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POUGHKEEPSIE CASKET:

A SEMI-MONTHLY LITERARY JOURNAL,

DEVOTED EXCLUSIVELY TO THE DIFFERENT BRANCHES OF POLITE LITERATURE.

EDITED BY E. B. KILLEY & B. J. LOSSING.

No one, I'm sure, can fail to find
In such a medly, something to his mind.

Ovid.

Sometimes fair Truth in fiction we disguise,
Sometimes present her naked to men's eyes.

HESIOD.

VOLUME II.

POUGHKEEPSIE:

1838-39.

PRINTED AND PUBLISHED BY KILLEY & LOSSING, TELEGRAPH OFFICE, MAIN-STREET.

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A SEMI-MONTHLY LITERARY JOURNAL.

VOL. II.]

DEVOTED EXCLUSIVELY TO THE DIFFERENT BRANCHES OF POLITE LITERATURE.

Reader, hast thou ever perused the Sketch Book, by Geoffrey Crayon, Gent.' and laughed thyself to weeping while following the fortunes of poor Ichabod Crane, the hero of Sleepy Hollow? If not, get it quickly, laugh and add another day to thy mortal existence.

I was yet a lad when mirth and sympathy drew tears from my eyes as I read the adventures of the renowned Ichabod, the school-master and psalm singer of that dreamy vale called Sleepy Hollow. When I read of his school discipline, his unrivalled psalmody, his unrequited love for the beautiful Katrina Van Tassel and his horrible midnight race with the Head less Horseman, alias, Brom Bones and an illu. minated pumpkin, I believed every word to be as true as the witch stories of Cotton Mather. And when in after years I passed the residence of the good old Baltus Van Tassel, its projecting eves covered with green moss, and the spacious 'stoop,' still festooned with woodbine and honeysuckle as in days lang syne,' I almost imagined I saw the blooming face of Katrina peering through the seven-by-nine glasses of a primitive window, and I involuntarily listened as I passed along the margin of the vale, to catch the distant nasal strains of Ichabod.

POUGHKEEPSIE, APRIL 21, 1838.

RESIDENCE OF WASHINGTON IRVING, ESQ.

Drawn and Engraved for the Poughkeepsie Casket, from a Painting by G. HARVEY, Esq., A. N. A., ; . J. LOSSING.

But the hand of modern improvement has changed that primitive scene. In 1835, WASHINGTON IRVING, Esq., purchased this relic of the days of the Knickerbockers, whose vicinity he has immortalized in story, and converted the

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old low-roofed mansion where Ichabod eat minced pies, and ogled with his green glassy eyes' the fair Katrina, into the elegant and pic. turesque Anglo-Dutch edifice portrayed in the above picture. The grounds about it have been cleared, the thick copse that concealed the Taappan Zee' from view has been levelled, and Mr. Irving has rendered it one of the most delightful summer residences in this country. To the traveller, the scholar, the man of taste, and indeed to every American, a new interesting is added to the locale of one of Irving's best sketches. The genius of the Pioneer of Amercan Literature sheds its lustre around this rural retreat, and many a child of genius, as he approaches the delightful spot, will feel that he is treading upon holy ground.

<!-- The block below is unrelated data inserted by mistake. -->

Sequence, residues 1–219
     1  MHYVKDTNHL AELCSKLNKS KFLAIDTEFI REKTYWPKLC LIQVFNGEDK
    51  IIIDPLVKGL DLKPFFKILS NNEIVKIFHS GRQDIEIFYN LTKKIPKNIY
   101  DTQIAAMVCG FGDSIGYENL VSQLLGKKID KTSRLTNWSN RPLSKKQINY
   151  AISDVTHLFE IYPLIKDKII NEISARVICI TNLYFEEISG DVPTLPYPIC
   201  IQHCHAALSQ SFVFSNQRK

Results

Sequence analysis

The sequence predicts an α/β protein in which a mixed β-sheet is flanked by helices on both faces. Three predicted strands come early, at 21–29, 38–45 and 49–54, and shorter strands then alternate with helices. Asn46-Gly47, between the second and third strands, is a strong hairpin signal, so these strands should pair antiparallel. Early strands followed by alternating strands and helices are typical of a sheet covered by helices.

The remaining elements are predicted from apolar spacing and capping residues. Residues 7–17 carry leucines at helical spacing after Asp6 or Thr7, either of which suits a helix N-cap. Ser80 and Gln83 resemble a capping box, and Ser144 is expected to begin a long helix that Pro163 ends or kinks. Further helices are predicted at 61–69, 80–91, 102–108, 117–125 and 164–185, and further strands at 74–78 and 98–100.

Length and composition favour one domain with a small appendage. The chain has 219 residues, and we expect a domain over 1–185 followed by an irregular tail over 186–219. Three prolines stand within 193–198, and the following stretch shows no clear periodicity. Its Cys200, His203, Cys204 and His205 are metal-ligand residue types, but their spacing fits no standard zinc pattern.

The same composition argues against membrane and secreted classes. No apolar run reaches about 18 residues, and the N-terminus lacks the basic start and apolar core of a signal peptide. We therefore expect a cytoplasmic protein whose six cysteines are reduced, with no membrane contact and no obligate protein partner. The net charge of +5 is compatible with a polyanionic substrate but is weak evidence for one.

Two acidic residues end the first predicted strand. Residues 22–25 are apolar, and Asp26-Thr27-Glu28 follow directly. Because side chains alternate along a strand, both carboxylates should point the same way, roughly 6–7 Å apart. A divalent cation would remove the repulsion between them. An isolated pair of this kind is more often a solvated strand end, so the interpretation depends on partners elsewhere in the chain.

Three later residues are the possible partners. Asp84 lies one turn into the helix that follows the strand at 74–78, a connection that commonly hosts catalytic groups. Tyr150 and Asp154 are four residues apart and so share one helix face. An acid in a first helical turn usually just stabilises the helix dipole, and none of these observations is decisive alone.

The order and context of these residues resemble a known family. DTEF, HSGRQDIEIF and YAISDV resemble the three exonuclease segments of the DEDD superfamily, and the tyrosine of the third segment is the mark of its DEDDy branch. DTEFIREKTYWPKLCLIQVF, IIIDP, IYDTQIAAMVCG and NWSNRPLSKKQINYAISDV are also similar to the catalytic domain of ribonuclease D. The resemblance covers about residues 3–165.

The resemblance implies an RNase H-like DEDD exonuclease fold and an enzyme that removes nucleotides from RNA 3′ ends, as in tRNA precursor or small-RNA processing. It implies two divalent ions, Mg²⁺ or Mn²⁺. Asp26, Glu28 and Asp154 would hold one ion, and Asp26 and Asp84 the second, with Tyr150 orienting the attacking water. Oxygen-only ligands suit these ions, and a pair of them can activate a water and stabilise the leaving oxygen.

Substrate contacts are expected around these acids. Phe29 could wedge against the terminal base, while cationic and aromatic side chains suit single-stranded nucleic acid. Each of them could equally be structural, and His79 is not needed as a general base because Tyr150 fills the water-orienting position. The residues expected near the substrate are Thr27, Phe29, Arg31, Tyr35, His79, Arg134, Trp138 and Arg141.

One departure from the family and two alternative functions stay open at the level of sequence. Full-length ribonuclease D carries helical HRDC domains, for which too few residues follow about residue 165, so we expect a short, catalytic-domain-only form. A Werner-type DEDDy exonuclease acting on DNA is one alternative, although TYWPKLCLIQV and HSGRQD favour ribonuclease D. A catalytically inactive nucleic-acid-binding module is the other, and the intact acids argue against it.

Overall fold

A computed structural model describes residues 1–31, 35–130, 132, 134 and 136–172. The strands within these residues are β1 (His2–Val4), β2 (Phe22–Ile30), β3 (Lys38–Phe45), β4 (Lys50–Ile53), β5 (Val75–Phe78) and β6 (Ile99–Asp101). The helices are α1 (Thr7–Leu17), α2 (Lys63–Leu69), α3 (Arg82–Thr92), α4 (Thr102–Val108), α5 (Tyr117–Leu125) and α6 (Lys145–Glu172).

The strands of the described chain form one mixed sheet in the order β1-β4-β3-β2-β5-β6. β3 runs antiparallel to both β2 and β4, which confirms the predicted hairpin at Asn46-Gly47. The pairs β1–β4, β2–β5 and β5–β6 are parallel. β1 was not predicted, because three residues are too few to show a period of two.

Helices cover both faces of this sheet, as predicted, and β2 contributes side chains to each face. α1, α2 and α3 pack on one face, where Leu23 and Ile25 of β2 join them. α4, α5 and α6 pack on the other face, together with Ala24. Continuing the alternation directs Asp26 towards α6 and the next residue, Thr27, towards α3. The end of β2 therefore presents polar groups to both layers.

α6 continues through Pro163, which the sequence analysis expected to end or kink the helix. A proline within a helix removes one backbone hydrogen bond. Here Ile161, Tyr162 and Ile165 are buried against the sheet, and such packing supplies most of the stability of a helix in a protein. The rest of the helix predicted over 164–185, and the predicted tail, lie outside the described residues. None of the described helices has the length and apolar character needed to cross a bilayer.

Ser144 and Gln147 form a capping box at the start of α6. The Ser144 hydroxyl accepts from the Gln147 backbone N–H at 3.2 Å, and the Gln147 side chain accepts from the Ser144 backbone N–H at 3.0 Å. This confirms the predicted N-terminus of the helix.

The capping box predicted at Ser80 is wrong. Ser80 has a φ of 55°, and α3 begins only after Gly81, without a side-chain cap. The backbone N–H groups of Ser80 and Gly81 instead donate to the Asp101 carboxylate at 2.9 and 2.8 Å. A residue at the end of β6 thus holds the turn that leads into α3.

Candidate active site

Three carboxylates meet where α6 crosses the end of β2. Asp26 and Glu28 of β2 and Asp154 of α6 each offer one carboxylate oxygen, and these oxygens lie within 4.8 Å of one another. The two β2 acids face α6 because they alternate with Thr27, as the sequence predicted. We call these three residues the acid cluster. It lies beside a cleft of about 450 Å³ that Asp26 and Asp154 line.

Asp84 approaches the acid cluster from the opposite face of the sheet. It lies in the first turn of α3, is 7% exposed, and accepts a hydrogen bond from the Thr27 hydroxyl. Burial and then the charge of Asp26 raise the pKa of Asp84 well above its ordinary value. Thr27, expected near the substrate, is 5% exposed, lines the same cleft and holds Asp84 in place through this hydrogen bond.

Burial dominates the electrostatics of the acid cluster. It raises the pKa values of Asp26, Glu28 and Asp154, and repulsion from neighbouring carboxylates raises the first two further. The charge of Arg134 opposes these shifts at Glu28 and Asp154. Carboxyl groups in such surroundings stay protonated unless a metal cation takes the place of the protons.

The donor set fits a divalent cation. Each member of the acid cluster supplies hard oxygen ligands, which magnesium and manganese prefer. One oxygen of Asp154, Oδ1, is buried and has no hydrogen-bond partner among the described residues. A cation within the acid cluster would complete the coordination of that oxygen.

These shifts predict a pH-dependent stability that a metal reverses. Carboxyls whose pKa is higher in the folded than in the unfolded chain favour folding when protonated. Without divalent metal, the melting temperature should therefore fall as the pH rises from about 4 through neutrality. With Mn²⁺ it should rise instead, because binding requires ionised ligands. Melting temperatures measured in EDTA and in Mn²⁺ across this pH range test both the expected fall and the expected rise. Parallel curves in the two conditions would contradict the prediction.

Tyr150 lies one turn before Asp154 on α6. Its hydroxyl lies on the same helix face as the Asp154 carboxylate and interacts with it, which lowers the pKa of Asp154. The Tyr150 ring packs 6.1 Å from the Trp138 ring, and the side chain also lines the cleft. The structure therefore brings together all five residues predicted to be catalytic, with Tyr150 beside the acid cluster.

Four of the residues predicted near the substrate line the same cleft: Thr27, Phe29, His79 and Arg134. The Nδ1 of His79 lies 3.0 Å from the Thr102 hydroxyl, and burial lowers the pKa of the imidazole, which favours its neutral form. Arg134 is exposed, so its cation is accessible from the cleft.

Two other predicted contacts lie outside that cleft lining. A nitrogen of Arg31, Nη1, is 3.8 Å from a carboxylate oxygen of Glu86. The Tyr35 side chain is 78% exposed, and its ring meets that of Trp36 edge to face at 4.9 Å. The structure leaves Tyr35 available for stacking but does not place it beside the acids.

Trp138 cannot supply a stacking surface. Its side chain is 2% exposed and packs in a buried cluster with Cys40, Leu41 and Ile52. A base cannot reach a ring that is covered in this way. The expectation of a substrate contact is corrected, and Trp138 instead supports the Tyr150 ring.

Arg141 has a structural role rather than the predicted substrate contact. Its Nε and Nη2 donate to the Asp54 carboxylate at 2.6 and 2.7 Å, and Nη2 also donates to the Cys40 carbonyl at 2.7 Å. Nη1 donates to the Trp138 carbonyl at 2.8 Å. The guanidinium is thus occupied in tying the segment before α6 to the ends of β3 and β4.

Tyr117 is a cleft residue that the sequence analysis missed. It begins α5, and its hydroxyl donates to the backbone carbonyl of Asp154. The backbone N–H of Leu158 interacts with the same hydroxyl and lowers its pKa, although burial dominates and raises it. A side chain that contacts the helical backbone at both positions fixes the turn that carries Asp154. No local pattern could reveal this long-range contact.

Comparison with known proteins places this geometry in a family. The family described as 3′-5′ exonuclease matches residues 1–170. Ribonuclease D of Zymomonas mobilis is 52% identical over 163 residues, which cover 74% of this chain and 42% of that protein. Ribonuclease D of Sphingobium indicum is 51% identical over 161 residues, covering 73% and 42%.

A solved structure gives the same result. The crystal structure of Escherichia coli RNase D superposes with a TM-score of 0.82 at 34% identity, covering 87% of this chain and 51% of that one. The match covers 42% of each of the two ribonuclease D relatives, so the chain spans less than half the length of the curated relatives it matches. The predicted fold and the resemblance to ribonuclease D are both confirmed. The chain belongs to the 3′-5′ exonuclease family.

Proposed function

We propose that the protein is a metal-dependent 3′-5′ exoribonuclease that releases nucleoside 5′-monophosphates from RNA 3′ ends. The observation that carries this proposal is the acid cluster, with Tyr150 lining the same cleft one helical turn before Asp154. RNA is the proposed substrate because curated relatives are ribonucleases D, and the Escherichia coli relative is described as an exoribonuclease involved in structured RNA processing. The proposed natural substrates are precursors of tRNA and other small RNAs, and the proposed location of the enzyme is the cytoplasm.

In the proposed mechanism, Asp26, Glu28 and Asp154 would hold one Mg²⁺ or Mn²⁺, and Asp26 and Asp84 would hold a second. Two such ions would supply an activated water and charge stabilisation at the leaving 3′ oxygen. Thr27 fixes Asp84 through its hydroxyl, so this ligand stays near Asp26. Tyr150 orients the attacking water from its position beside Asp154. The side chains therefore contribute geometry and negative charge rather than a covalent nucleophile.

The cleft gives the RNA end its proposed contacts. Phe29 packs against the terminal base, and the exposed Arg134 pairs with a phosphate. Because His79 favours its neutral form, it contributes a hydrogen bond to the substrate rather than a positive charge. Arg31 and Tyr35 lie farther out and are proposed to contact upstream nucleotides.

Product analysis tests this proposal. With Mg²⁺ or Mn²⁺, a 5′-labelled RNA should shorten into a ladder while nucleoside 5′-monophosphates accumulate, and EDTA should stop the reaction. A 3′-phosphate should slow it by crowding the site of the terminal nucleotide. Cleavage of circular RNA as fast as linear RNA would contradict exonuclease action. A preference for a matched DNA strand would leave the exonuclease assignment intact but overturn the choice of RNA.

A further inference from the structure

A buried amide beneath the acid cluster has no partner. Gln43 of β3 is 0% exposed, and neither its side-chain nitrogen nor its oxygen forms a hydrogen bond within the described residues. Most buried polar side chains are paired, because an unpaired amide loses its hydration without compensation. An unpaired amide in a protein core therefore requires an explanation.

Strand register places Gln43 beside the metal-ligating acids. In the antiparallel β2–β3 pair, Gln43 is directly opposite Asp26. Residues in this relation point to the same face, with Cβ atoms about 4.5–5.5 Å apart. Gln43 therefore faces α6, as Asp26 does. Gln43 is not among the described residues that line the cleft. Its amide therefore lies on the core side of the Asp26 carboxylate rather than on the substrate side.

The constellation of American literature is now bright with many luminaries; but Mr. Irving's fame beams in splendor not yet equalled by his successors, in the eyes, not only of his countrymen, but of transatlantic admirers. He has established a fame in England as permanent as that of her best writers.

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Previous to the appearance of the Sketch Book' scarcely a single work from an American pen had been deemed worthy of republication by the London publishers. But no sooner did the English public become acquainted with Geoffrey Crayon, Gent.' than they sought to know him better. The first authors of that country bestowed upon Mr. Irving the meed of

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just praise; and a celebrated magazine writer pronounced him the Goldsmith of the age.' Attention was then turned to the budding genius of America, and its talented repre. sentative was received as an honored guest into the highest literary circles of the British metropolis.

High as Mr. Irving stood in the literary world, the appearance of "Bracebridge Hall, or the Humorist," increased his reputation as a pleas

and elegant writer. That work gives a faithful picture of English feelings and manners, their old popular customs, May-day sports, and Christmas revelries. The Alhambra' and 'Astoria' are among his subscquent standard productions. His writings are few when com. pared with many of his cotemporaries, but they all have that elegance of fish so necessary to establish an enduring fame, which few of the more voluminous authors exhibit.

Mr. Irving is now about fifty-six years of age, and a bachelor. Unlike his cotemporary, Cooper, he has the esteem of all men. His amenity of manners and amiable modesty, the unerring characteristics of true genius, have disarmed criticism of its keenest weapon, destroyed the seeds of jealousy, wherever rivalry had implanted them, and now, near the home of his child. hood, in peaceful and happy retirement, with two charming neices, he enjoys a reciprocal feeling of friendship co-extensive with his fame.

B. J. L.

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